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In 2019, a year after the book's meteoric rise through the bestseller lists, the web of lies and deceit Mallory had created to land his $2 million two-book deal were exposed in the New Yorker profile 'A Suspense Novelist's Trail of Deceptions' written by Ian Parker 

Dan Mallory's complicated web of lies.

In the profile, Parker delved deep into Mallory's complicated professional and personal life, and he discovered Mallory had lied his way into a bunch of roles in the publishing industry. And then he had used those roles to secure his book deal. 

According to Parker, Mallory reportedly told employers he had received a PhD at Oxford. When Parker contacted the University for confirmation, they said he graduated with a master’s degree in 2004, but never completed a doctoral degree. 

Dan Mallory in 2019. Image: Getty. 


It’s also alleged that he said during a job interview at Little, Brown - an American publishing company - that he was previously an editor at Ballantine. In reality, he worked as an assistant there. The author got the job nevertheless, and later said he had been offered another position at a rival company, which led to Little, Brown giving him a pay raise. No such offer from a competitor had been made, his bosses later discovered. Upon his employers’ revelation, Mallory promptly left, although the terms of his departure remain private.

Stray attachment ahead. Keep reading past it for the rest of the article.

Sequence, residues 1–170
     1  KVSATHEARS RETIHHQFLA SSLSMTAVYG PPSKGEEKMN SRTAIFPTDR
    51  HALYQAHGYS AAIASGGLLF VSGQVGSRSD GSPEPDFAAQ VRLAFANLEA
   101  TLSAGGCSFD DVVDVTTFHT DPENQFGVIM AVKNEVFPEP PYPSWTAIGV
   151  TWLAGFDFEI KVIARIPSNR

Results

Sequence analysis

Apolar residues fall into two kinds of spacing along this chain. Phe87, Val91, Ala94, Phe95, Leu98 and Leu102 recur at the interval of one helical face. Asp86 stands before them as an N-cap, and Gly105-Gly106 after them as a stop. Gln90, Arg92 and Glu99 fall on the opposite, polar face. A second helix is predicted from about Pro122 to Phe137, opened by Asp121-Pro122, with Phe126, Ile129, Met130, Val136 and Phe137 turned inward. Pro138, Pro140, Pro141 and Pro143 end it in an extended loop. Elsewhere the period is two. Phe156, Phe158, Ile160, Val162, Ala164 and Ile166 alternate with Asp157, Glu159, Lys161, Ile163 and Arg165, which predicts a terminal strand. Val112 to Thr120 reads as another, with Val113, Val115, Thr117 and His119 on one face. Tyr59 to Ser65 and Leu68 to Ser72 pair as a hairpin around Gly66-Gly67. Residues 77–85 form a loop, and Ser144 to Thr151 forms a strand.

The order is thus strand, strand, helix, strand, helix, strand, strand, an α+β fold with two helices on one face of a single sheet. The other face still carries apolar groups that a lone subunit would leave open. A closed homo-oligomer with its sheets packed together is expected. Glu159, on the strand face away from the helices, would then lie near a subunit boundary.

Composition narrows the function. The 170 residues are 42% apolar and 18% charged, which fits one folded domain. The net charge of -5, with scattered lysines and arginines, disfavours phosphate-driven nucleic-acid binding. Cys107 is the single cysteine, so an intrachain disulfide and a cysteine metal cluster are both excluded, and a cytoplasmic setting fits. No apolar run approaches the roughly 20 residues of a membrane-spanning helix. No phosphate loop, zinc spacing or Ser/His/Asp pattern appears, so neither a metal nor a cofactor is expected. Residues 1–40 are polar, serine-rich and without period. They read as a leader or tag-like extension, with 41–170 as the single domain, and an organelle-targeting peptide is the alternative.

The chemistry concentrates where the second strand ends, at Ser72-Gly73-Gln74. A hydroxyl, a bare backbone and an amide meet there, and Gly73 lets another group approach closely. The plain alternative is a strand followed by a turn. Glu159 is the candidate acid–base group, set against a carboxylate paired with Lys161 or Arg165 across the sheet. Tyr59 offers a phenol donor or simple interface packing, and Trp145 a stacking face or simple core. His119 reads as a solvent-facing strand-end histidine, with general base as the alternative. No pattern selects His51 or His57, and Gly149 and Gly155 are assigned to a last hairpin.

Before he’d left the building, he had already secured another job as the executive editor at William Morrow, another American publishing company.  

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But it wasn't just his past work experience that Mallory lied about. He also told his colleagues a range of lies about his personal life - from faking cancer to killing off his own mother and brother. 

According to Parker's New Yorker profile, Mallory told his colleagues he had survived brain cancer but that it later returned and he was suffering from an ‘inoperable brain tumour.’ He used his ‘cancer’ to justify his long absences from the office. In truth, Mallory never had cancer.